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Standing Stones Hotel

Chambered Cairn

<b>Standing Stones Hotel</b>Posted by widefordImage © wideford
This site is of disputed antiquity. If you have any information that could help clarify this site's authenticity, please post below or leave a post in the forum.
Also known as:
  • Little Barnhouse

Nearest Town:Stromness (5km SW)
OS Ref (GB):   HY303117 / Sheet: 6
Latitude:58° 59' 13.08" N
Longitude:   3° 12' 46.38" W

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<b>Standing Stones Hotel</b>Posted by wideford <b>Standing Stones Hotel</b>Posted by wideford


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Visited 10.6.12

A large grass covered mound, approximately 2.5m high x 25m across

When in this area a visit to the Orkney ice cream parlour is a must.
Sitting in the window eating the delicious ice cream whilst looking over to the Stone of Stenness is an experience not to be missed!
Posted by CARL
18th July 2012ce

Directly opposite the Standing Stones Hotel the main road cuts across the edge of a large mound (HY31SW 24 at HY30251165). In 1946 this oblong mound, aligned N/S, measured 55 yards by 46 (subsequent ploughing is said to have reduced the area covered) and varied from 11-15' in height. In the 19thC a cutting on the north side showed it to be based upon a likely moraine. Presently it is surrounded by a two yard wide ditch, possibly revetted in part, with further ditches/banks parallel to this. When the owner cut into the east end in 1891 he found a 2' 6" square 10' 6" long stone-paved passage leading to a 10' diameter circular chamber which prior to collapse was probably some seven feet high. Presumably this is the putative NE 'entranceway' on the 2001 geophysics (another such was noted at the south side i.e. facing away from the road). A couple of depressions atop the debris were thought to be side-chambers, however there is no mention of any being found in the 1893 update. By then the chamber had been cleared (J.W.Cursiter 2-line summing up in "Programme of Excursion and Illustrated Descriptive Guide to the Places to be Visited in the Western and Northern Islands and Coast of Scotland" by R.Cochrane 1899). The floor was formed of two masonry courses. Side walls and stone pillars supported a roof of large flagstones, the principal one some 2' thick, then between it and the covering mound the builders placed "safe stones". wideford Posted by wideford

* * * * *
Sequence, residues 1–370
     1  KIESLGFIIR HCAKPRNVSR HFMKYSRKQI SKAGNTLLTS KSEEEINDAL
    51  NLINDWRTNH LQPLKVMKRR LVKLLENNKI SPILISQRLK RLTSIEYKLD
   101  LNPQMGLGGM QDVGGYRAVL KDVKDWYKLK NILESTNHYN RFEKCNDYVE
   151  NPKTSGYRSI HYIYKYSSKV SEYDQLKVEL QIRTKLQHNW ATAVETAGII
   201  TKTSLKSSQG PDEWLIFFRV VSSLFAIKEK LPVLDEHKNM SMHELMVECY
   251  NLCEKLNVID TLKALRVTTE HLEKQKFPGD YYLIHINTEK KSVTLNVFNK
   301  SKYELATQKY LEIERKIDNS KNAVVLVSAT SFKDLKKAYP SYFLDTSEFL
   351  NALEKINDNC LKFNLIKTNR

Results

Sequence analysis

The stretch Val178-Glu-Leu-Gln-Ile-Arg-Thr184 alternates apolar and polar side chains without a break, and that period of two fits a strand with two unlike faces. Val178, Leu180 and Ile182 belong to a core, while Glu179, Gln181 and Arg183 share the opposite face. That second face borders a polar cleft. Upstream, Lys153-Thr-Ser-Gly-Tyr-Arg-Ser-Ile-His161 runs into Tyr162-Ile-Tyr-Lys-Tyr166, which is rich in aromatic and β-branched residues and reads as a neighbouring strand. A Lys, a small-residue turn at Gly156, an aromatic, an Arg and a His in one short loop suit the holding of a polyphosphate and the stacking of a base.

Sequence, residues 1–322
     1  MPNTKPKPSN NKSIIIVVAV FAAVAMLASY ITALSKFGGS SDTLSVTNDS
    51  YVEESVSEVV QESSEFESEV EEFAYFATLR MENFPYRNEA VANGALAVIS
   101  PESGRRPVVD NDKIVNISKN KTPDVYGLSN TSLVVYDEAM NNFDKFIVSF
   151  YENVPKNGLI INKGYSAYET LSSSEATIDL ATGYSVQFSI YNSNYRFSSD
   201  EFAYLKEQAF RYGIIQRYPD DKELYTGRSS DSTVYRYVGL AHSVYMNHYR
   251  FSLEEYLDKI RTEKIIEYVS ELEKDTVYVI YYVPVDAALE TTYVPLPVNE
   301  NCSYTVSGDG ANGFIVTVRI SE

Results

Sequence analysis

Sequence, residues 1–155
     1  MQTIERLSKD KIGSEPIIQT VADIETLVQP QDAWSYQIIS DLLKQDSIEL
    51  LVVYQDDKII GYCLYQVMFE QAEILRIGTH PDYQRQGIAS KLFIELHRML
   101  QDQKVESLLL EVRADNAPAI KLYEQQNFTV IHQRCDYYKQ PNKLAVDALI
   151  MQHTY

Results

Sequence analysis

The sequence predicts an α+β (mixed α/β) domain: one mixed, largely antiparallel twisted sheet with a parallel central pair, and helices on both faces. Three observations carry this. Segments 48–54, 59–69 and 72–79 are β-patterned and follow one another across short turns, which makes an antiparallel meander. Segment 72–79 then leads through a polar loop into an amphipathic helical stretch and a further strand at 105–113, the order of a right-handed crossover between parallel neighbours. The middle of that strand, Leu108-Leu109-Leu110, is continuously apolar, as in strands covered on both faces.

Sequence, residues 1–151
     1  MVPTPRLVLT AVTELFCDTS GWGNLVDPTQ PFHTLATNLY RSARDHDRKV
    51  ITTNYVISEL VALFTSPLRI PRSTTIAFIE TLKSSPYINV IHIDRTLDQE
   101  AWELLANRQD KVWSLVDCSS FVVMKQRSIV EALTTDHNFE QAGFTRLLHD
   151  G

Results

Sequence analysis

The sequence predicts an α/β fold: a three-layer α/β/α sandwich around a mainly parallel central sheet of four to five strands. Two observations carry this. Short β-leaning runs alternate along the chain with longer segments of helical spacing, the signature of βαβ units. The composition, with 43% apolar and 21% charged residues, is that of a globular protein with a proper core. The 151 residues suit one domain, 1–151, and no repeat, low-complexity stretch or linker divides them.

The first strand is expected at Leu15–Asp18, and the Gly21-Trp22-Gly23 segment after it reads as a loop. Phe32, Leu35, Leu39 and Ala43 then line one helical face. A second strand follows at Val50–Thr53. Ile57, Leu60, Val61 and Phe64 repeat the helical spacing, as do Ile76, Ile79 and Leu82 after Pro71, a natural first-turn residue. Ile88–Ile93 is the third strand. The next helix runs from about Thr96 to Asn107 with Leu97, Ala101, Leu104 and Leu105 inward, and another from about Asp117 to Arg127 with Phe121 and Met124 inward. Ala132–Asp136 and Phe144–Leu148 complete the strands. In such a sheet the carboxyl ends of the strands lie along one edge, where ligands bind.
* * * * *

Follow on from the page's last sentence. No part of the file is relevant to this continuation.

9th April 2005ce
Edited 27th April 2010ce


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"The Orcadian" of 11/10/2001 says a geomagnetic survey that year found a concentric ditch survived around 70% of the base. wideford Posted by wideford
11th January 2011ce

"The Orkney Herald" of 8/11/1893 reports a ten foot diameter chamber, originally in the region of seven feet high, composed of masonry and stone pillars supporting a heavily flagstoned roof (the main slab of two feet thickness). The floor comprised two courses of masonry. It was approached by a paved passage 10'6" x 2'6" x 2'6". There is no mention of contents in the Orkney Natural History Society paper as published in the newspaper.
The discovery report in "The Orkney Herald" of 4/3/1891 says the passage was half-way up the east side of the mond, and that two depressions on the top could mark lateral chambers.
wideford Posted by wideford
19th January 2006ce
Edited 20th January 2006ce